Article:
While SU H.E.A.T. has accomplished a tremendous amount in terms of outreach to global communities, the organization is currently in a state of rebuilding and looking for a way to reorient themselves toward working more for the Southwestern and Georgetown communities, as well as supporting the individual members. “Our mission, at least now because it’s been changing progressively, is to make it a lot more personal to us, our club, and this community,” Frutos explains. A recent example of intraorganizational outreach are the efforts made by SU H.E.A.T to raise money for a Chinese exchange student in the club, who has extended family that has been affected by the coronavirus. The proceeds raised went directly toward sending items such as masks, hand sanitizer, and other sanitary products to the student’s family, and SU H.E.A.T. made it a part of their mission to provide education and work toward dismantling the stereotypes that have arisen as a result of the virus. The organization also had a member whose grandmother had been diagnosed with cancer, so SU H.E.A.T. held a booth at a football game dedicated to raising awareness about that specific cancer and sold concessions, with the entirety of the proceeds going toward the student’s grandmother’s medical expenses.
The organization also facilitates member support not just through campaigns and fundraisers but through the very organization and operation of the club as well. The group comprises a mix of students representing all years, from first-years to seniors, and a tremendous amount of emphasis has been put on ensuring all members receive a title and have equal opportunity to come up with ideas for outreach and take control of their events. “That’s something that appealed to a lot of people … because [often] you go into [a] club and there’s people already in charge, and so those people say, ‘Oh you’re a new member. Do this; put on this event I already thought of.’ They direct you,” Frutos says. Despite the presence of a leadership committee, anyone and everyone has a chance to take charge, come up with projects, and see them through from start to finish.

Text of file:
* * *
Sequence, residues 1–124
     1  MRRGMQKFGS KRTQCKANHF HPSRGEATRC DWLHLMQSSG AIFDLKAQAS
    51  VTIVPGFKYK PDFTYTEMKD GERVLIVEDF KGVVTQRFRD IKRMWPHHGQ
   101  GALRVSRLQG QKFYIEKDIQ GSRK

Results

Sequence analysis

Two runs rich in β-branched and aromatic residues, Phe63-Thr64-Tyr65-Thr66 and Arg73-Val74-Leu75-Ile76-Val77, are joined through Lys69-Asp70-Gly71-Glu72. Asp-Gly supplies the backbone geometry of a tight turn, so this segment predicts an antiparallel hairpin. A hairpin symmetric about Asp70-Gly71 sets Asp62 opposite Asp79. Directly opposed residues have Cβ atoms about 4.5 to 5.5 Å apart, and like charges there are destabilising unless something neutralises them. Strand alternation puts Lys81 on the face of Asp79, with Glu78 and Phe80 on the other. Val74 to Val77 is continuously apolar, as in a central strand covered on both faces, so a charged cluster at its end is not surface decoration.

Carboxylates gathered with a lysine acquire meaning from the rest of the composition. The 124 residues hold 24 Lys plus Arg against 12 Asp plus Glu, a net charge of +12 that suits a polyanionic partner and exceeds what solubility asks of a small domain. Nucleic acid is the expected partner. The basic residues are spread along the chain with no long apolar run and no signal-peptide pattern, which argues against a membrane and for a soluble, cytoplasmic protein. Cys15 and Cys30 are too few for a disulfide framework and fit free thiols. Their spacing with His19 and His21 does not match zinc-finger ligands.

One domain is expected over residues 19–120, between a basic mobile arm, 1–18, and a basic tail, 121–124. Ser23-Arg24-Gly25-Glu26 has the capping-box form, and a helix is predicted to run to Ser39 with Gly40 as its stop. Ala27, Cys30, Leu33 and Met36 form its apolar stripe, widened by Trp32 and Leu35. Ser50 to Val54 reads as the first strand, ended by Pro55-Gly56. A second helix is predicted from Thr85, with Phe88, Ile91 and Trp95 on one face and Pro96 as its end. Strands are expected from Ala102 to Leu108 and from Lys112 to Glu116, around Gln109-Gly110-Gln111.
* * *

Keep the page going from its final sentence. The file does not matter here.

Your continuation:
The creation of such a strong support network for students is cited by Frutos as one of the many rewarding parts of the organization. She says that the most fulfilling aspect is “really making a difference. Not just raising money for charities that already exist but being able to support our members…We want to be able to help our community and reach out to whoever needs anything in the Georgetown community as well…It’s not just about the environmental portion, but it’s very social and hands on. So it’s very rewarding to see those outcomes, especially when we volunteer.”
For students interested in joining SU H.E.A.T., all that is required is regular attendance at their meetings and participating in events. For more information regarding meeting times and places, you can follow the organization @southwesternheat on Instagram.